The Cayman Islands has retained its ranking as the 31st financial center out of 108 centers evaluated in the Global Financial Centers Index.
Scoring as high as six months ago, Cayman still fell behind Bermuda, which climbed three ranks to position 29 in the index.
Caribbean centers like the British Virgin Islands and the Bahamas saw strong rises, and the British Crown Dependencies of Jersey, Guernsey, and the Isle of Man all performed well also.
Jude Scott, CEO of Cayman Finance, said in a statement that Cayman’s ranking is the second highest among all U.K. Overseas Territories and Crown Dependencies, and it is one of only 11 centers from outside the G-20 to be included in the top 31 rankings.
“GFCI 22 is the latest assessment to consider the Cayman Islands role as a premier global financial hub, and our commitment to transparency and cross-border cooperation on tax and law enforcement issues, and rate them as among the best in the world. That’s a gratifying, if unsurprising, mark of the success of our decades-long commitment to being a leading international financial center,” Mr. Scott said.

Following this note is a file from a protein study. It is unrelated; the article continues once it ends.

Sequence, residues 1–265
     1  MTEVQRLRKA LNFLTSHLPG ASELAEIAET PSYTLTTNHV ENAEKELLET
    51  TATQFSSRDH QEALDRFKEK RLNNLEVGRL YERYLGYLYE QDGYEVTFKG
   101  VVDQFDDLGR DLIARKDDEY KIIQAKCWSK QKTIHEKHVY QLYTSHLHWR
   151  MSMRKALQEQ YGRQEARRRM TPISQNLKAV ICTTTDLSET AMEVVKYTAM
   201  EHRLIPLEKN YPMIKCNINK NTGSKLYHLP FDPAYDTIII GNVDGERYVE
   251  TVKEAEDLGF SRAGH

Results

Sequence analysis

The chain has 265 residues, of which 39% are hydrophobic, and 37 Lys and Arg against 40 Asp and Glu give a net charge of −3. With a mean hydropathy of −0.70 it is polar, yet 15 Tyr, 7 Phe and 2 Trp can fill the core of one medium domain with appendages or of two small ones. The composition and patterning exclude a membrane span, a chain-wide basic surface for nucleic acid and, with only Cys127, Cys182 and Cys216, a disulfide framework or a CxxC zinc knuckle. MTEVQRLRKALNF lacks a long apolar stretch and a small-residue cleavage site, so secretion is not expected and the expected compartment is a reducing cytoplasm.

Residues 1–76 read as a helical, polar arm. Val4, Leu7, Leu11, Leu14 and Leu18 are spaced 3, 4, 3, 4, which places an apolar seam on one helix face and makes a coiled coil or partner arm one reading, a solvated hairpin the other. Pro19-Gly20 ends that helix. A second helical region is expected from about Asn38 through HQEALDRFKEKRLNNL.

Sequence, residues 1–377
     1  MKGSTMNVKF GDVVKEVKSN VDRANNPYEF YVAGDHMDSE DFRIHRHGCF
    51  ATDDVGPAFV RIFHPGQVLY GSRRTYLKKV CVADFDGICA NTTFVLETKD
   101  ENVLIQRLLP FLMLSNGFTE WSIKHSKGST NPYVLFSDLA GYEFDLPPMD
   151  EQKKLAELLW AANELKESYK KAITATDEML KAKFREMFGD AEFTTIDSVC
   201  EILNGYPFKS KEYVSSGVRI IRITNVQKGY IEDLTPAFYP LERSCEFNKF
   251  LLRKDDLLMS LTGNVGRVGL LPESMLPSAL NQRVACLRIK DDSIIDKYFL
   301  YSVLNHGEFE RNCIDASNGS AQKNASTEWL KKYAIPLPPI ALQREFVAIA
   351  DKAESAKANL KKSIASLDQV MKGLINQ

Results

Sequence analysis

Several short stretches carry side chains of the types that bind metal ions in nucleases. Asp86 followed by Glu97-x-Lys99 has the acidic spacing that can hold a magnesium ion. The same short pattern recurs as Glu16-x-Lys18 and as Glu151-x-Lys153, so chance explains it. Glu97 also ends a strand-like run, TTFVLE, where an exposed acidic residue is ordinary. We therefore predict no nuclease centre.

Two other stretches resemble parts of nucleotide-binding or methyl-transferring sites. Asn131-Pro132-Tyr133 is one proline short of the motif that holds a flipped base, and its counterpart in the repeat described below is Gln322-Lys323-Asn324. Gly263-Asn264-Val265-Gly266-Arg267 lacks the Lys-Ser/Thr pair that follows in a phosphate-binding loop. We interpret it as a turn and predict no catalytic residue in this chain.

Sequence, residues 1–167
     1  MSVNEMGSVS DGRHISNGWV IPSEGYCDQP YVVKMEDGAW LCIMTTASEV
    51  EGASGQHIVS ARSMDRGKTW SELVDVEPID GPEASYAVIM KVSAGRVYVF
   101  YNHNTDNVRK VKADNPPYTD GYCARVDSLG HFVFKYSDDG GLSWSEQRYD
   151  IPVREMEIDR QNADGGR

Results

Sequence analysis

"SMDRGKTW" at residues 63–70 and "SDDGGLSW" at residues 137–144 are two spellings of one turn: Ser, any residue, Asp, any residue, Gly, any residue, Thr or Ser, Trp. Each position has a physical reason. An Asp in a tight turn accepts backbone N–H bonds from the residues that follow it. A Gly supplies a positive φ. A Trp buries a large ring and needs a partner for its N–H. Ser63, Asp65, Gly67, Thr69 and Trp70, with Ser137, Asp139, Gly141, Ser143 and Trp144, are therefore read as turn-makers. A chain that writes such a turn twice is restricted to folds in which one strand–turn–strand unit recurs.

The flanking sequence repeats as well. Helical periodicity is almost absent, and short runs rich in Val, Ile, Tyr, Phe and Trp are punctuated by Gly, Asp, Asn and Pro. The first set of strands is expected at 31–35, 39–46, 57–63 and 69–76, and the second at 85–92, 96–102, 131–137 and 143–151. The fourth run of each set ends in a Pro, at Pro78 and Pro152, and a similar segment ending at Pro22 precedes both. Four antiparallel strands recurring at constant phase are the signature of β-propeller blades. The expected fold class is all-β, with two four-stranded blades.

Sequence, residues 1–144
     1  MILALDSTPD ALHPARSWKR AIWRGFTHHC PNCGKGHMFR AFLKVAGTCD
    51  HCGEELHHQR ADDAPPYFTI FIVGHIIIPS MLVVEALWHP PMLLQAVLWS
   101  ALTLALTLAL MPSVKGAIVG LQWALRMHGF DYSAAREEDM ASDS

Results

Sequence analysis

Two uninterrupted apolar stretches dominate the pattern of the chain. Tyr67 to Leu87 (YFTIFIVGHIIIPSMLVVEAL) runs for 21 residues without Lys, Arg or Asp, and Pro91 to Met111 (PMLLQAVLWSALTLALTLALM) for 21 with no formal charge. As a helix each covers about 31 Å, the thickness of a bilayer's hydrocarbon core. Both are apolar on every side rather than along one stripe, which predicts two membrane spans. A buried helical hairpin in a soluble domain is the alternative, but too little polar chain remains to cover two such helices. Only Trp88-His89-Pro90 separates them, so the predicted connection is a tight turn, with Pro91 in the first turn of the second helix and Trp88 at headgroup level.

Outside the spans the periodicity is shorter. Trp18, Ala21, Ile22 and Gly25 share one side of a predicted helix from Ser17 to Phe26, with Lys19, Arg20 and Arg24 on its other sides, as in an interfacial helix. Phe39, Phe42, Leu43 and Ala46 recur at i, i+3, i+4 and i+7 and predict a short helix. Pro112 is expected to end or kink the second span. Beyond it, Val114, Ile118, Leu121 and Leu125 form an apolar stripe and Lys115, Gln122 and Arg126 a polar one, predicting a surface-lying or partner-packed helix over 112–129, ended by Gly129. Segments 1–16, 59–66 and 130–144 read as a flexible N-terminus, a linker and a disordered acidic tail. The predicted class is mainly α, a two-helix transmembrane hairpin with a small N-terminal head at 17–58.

“This assessment also reconfirms that Cayman belongs among the G-20 Plus – jurisdictions, including G-20 countries and top international financial centers, that adhere to the highest global transparency standards. We have built a reputation for meeting or exceeding those global standards and it continues to be reflected in analysis like this,” he said.
There were few changes at the top of biannual ranking published by Z/Yen.
Despite the ongoing Brexit negotiations, London remained in first place, just ahead of New York.
London dropped only two points in its evaluation, which combines survey results with quantitative data. However, all other top financial centers scored lower than in the past GFCI ranking amid an overall drop in confidence among the leading centers.
Hong Kong moved just ahead of Singapore into third position and Tokyo remained in fifth.